Friday, May 20, 2011

Green jobs? Oh, right...

Mount Tom's owner, GDF Suez, has more good news for renewable-energy workers. So long as those renewable-energy workers are in Europe, of course. The company is investing in three new wind farms in the English Channel in partnership with the nuclear-power company Areva. I don't begrudge Europeans their economic recovery, but I have to ask: How do we bring some of those green jobs to Western Massachusetts?

Part of the answer is public policy. Just as renewable-energy action plans in the member states of the European Union are spurring job creation across the Atlantic, more action on the part of our state government would help. To that end, on Wednesday, May 18, a committee of the Massachusetts Legislature heard testimony about two Sierra Club-sponsored bills that would (1) move Massachusetts beyond coal toward a clean-energy economy and (2) regulate hydraulic fracturing (fracking). Later that day I spoke with Steve Hoeschele on his new TV show, Mass Political Action, about why we need to phase out coal, beat back fracking, and generate jobs. If you follow the link to watch the show, don't let the 10 seconds or so of black screen at the start put you off!

My testimony to the Joint Committee on Telecommunications, Utilities, and Energy explained the link between HB 2612 (the coal phase-out bill) and HB 3055 (the beat-back-fracking bill) which is this: Under 2612, power companies have until the year 2020 to either retire their coal-burning facilities or repower them to renewable energy or to natural gas. If they choose natural gas, perhaps as a step toward generating electricity from hydrogen, they have to meet HB 3055's new public-health standards. Under 3055, the companies would have to publicly disclose the chemicals used in the natural gas extraction process and certify that the process didn't poison people's drinking water.

Right now we get about half of our electricity from natural gas. It emits less CO2 than coal, but the natural-gas extraction process (fracking) has serious public health impacts. So HB 3055 requires power companies to certify that they didn't pollute drinking water while bringing their natural gas to the surface. If you'd like to know more about the dangers of fracking, you can skim this recent congressional report. Be sure you're sitting down, by the way.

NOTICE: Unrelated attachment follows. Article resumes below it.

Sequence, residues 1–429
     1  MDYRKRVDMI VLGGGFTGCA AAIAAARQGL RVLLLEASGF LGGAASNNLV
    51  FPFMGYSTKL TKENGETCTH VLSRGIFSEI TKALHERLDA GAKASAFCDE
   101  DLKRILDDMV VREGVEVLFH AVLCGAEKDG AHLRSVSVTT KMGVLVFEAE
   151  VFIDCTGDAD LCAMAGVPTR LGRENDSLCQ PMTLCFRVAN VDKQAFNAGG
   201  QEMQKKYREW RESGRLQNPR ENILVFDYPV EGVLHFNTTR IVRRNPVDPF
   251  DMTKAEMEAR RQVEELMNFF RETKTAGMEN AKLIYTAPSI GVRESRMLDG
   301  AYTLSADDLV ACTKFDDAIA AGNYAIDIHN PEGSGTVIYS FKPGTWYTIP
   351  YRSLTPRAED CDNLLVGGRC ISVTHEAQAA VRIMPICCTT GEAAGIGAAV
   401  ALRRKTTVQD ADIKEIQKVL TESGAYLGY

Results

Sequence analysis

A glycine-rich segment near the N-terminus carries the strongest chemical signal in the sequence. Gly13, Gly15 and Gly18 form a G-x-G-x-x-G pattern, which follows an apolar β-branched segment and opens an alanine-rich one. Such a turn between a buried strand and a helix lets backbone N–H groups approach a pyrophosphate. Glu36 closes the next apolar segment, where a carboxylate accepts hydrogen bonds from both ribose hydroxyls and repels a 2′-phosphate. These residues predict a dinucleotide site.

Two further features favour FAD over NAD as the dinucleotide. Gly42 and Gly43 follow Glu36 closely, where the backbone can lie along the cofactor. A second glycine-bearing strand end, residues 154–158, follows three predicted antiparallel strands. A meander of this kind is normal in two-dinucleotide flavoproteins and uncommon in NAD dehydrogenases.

Generating green jobs in Massachusetts means leveling the playing field between renewables and fossil fuels. That involves forcing power companies to internalize more of the costs society as a whole has been paying for dirty air and polluted water. When the new EPA regulations come into effect they should do just that -- stimulate green jobs -- as this report from the Political Economy Research Institute (PERI) at the University of Massachusetts, Amherst, explains. Disclosure: I'm working at PERI but had no part in writing the report.

While the EPA regulations will help, we shouldn't expect much more from Washington, D.C., in the near future (see previous Mass Greens blog posts). But in the absence of federal legislation, there are steps we can take here in Massachusetts to accelerate the shift from fossil fuels to clean energy, e.g. enacting HB 2612 and HB 3055. That's what Steve Hoeschele and I discuss on the show, so please check out the interview on Mass Political Action -- or selected highlights -- and let me know what you think.

No comments: